Discover History

Theater Square

From green to Theater Square

Theater square is considered one of the most beautiful squares in the city. Originally created as a “Kommunanger”, or municipal green, in around 1800, the area was much larger at that time. The first major building to appear on it was St. Peter’s Church (Petrikirche) in 1888. The square in front of the church was named Neustädter Markt. It was then renamed Königsplatz, and later Theater Square (Theaterplatz), upon the construction of the King Albert Museum (König-Albert-Museum) and the New City Theatre (Neues Stadttheater) between 1906 and 1909. 1992 saw the completion of the underground car park beneath the square. The circular structure resembling a small amphitheatre, known as the “Theatron”, followed later.

St. Peter’s Church

The neo-Gothic St. Peter’s Church was the first large single structure to be built on the square. It was erected in 1888 to plans by the Leipzigborn architect Hans Enger. At the time, it was the largest church in the city, with seating for 1,200. The colossal brick structure, with its rich and intricate sandstone adornments, is 59 metres long and 36 metres wide. Standing 82 metres tall, the spire remains the highest church spire in the city to this day. Environmental influences and a lack of funds for maintenance in the 1980s led to the church shutting its doors in 1987. In 1992, supported by funding from the federal government and the state, renovation work began on the architectural monument and was undertaken in stages. Thanks to the commitment of the church’s friends’ association, the large organ by Friedrich Ladegast was restored in 2007-2008.

The Chemnitzer Hof Hotel

Calls to build a large new upscale hotel for business travellers and guests of Chemnitz’s major industrial companies grew louder in the “Golden Twenties”. The city responded by holding an architectural competition in 1925. The hotel was eventually built to a design by the Chemnitz-born architect Heinrich Straumer, who had won second place. A modern design, influenced by the New Objectivity, characterised the exterior of the hotel, which opened in 1930, while the interior featured most elegantly furnished guest rooms and salons. Spared from the bombing in March 1945, the hotel has succeeded in retaining much of its original character. At the start of 1906, construction commenced on two cultural buildings on what was then Neustädter Markt: the museum and the New City Theatre. Both were planned and constructed  under the direction of Richard Möbius (1859–1945), Chemnitz’s chief architect and head of the Municipal Building Office.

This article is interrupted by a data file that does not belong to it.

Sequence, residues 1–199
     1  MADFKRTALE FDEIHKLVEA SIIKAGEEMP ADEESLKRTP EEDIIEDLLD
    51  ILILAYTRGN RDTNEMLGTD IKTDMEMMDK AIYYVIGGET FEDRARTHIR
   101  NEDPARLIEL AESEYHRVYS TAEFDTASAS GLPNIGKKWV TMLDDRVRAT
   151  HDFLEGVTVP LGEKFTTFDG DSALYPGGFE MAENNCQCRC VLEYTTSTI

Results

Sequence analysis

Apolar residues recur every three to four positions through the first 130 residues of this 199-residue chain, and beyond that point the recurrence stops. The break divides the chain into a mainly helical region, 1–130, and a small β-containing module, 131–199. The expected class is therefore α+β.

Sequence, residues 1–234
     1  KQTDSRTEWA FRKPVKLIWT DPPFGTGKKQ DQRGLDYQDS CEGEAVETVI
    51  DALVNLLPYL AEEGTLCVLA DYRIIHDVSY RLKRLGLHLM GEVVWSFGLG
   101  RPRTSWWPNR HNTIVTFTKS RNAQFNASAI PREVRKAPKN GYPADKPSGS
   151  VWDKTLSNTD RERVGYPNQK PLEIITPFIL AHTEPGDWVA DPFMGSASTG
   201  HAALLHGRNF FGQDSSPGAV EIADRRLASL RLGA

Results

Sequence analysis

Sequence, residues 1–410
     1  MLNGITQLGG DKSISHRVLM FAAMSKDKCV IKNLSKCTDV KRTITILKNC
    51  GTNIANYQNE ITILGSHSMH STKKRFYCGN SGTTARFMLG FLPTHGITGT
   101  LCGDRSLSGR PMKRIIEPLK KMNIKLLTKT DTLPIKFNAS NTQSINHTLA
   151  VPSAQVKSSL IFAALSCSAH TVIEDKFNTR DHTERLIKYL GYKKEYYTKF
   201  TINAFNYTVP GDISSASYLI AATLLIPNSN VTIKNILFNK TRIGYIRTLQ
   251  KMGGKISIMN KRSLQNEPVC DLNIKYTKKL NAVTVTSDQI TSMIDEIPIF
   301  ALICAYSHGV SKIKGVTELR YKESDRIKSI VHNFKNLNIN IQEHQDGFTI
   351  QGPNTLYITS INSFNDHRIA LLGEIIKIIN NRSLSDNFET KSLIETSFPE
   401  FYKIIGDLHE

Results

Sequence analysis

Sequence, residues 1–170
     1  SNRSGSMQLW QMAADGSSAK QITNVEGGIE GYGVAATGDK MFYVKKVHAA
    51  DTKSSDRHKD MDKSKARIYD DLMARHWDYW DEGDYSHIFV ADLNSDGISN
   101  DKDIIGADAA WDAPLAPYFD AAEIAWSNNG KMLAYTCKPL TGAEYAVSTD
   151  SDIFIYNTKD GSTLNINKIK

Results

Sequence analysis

Kunstsammlungen am Theaterplatz (The King Albert Museum)

The museum was inaugurated on 1 September 1909 in a ceremony attended by the king of Saxony, Friedrich August III, after whose predecessor and uncle, Albert, it was named. Its unusual task of housing five very different collections within the building, coupled with the narrow dimensions of the plot on which it stood, meant that the structure needed to be very elongated, measuring a total of 113 metres. The building uses subtle forms of historicism and has a distinct character through the building material Elbe sandstone. It houses the municipal art collections that were founded in 1920 “in the morning light of the republic”. After being destroyed in World War II, the building was functionally repaired; a comprehensive reconstruction of the original condition of the interior took place from 1994. Today, the museum is one of Germany’s largest and most significant municipal art collections, with a particular focus on international modernism.

The Opera House

The old city theatre, dating from 1838, was no longer able to meet the needs of the rapidly growing industrial city. It was consequently decided to construct a New City Theatre based on designs by Möbius. The theatre then became the Opera House in 1922. Its sumptuous fittings and furnishings were completely destroyed during the bombing raid on 5 March 1945. Rebuilding took place between 1949 and 1951, using simplified forms in some places, particularly in the interior. Due to heavy wear and tear and inadequate technical equipment, the interior was completely renovated between 1988 and 1992, giving rise to one of Germany’s most modern stages.

Cookie Einstellungen

Wir verwenden auf dieser Website mehrere Arten von Cookies, um Ihnen ein optimales Online-Erlebnis zu ermöglichen, die Nutzerfreundlichkeit unseres Portals zu erhöhen und unsere Kommunikation mit Ihnen stetig zu verbessern. Sie können entscheiden, welche Kategorien Sie zulassen möchten und welche nicht (mehr dazu unter „Individuelle Einstellung“).
Name Verwendung Laufzeit
privacylayer Statusvereinbarung Cookie-Hinweis 1 Jahr
cc_accessibility Kontrasteinstellungen Ende der Session
cc_attention_notice Optionale Einblendung wichtiger Informationen. 5 Minuten
Name Verwendung Laufzeit
_pk_id Matomo 13 Monate
_pk_ref Matomo 6 Monate
_pk_ses, _pk_cvar, _pk_hsr Matomo 30 Minuten

Datenschutzerklärung von Matomo: